If an XX individual identifies as male, but requires hormone injections to attain maleness, that’s a soldier who requires regular injections. If regular injections are no big deal, why are Type I diabetics barred from serving because they require insulin?

What happens on a Forward Operating Base if medical supplies are delayed? Or if a soldier is cut off from the base for any length of time? What happens to that soldier’s mental and emotional functioning without the needed hormone injections? If the discomfort with one’s biological sex is so great that one is willing to receive hormone injections to ease it, we can assume that not receiving the injections would be detrimental to one’s well-being and therefore combat effectiveness. Not to mention the combat effectiveness of one’s unit.

 A military unit at maximum combat effectiveness is a military unit least likely to suffer casualties. Winning in war is often only a matter of inches, and unnecessary distraction or any dilution of the combat effectiveness puts the mission and lives in jeopardy. Risking the lives of a military unit in combat to provide career opportunities or accommodate the personal desires or interests of an individual, or group of individuals, is more than bad military judgment. It is morally wrong. [emphasis added]

Ask not what your country can do for you. Ask what you can do for your country.

‘It makes our country less safe.’

How are we safer because men who identify as women and women who identify as men are serving openly? How are we safer when we pay for expensive hormones and surgeries instead of bombers and aircraft carriers? At a time when we’ve been forced into sequestration and are struggling to provide the basics, how does it make us safer to divert resources away from ensuring that safety to transgender sensitivity training, mental health services for transgender soldiers who are victims of harassment, facilities upgrades, retrofit showers, and other accommodations within communal living spaces?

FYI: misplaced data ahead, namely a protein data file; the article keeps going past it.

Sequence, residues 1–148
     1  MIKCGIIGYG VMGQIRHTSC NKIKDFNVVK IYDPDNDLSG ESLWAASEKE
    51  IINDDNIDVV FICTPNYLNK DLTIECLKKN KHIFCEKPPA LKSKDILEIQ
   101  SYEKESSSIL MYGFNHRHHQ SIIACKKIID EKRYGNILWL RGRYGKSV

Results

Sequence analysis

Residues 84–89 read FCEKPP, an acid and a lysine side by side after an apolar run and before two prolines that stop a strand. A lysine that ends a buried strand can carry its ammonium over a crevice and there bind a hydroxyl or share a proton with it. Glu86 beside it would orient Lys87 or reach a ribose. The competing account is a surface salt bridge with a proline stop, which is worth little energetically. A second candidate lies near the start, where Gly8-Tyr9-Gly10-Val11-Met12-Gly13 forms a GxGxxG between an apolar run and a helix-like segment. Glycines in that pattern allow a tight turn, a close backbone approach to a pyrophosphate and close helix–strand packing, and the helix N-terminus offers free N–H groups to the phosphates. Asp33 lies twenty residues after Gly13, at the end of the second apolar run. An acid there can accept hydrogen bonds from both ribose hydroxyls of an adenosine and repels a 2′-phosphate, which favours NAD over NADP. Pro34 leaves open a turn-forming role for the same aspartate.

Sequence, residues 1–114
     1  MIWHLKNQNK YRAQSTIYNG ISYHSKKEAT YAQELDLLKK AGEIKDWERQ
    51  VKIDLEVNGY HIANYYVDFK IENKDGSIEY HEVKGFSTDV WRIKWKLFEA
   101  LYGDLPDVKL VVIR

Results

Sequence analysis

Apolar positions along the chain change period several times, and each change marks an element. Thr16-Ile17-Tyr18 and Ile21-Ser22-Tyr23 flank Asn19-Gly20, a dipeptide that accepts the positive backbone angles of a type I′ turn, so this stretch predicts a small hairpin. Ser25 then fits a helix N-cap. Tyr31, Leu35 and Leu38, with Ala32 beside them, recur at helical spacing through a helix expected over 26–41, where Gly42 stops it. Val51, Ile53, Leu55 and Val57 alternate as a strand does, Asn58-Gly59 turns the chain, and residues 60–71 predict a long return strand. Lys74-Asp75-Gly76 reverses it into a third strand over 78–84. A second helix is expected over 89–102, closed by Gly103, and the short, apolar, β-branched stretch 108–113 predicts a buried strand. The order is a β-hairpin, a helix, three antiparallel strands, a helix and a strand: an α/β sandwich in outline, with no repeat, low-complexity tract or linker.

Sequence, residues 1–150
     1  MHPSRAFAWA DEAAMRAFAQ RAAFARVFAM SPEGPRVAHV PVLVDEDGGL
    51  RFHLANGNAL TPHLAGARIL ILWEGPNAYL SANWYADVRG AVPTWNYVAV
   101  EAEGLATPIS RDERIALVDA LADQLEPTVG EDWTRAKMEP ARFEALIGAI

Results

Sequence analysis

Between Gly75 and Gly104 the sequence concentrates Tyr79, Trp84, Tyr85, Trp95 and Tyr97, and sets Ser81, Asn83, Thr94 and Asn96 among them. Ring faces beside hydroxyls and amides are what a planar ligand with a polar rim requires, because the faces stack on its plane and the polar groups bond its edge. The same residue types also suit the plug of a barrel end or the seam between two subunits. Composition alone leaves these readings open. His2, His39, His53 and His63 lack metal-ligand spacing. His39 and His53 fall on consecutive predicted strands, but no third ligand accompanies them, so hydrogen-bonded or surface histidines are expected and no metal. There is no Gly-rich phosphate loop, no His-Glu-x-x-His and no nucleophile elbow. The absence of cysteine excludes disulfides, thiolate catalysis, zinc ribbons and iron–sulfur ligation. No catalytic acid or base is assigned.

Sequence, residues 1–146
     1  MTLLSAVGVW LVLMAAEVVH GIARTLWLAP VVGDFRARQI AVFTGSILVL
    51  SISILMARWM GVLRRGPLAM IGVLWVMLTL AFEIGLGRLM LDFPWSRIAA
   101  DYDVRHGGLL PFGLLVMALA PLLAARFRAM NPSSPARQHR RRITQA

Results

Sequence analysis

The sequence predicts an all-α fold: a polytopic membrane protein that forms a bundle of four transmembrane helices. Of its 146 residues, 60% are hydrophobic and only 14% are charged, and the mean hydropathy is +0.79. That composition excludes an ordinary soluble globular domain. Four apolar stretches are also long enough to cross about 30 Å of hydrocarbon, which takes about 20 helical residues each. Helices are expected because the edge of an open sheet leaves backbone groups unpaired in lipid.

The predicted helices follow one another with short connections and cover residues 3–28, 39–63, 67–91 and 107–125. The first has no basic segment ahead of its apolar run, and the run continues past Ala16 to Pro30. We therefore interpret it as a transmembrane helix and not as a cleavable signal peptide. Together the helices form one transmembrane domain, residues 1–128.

We can’t even agree on which bathrooms trans people can use, but somehow we’re safer if we’re all in the shower together? No distraction there.

‘This is legalized discrimination, no different than when the Armed Forces were segregated.’

If race and sex are equivalent, why does the International Olympic Committee (IOC) have rules for transgender athletes but not for black athletes?

For a transgender woman (XY chromosomes) athlete to compete in the female category, the athlete must:

  • Declare female gender identity and live consistent with this identity for at least four years.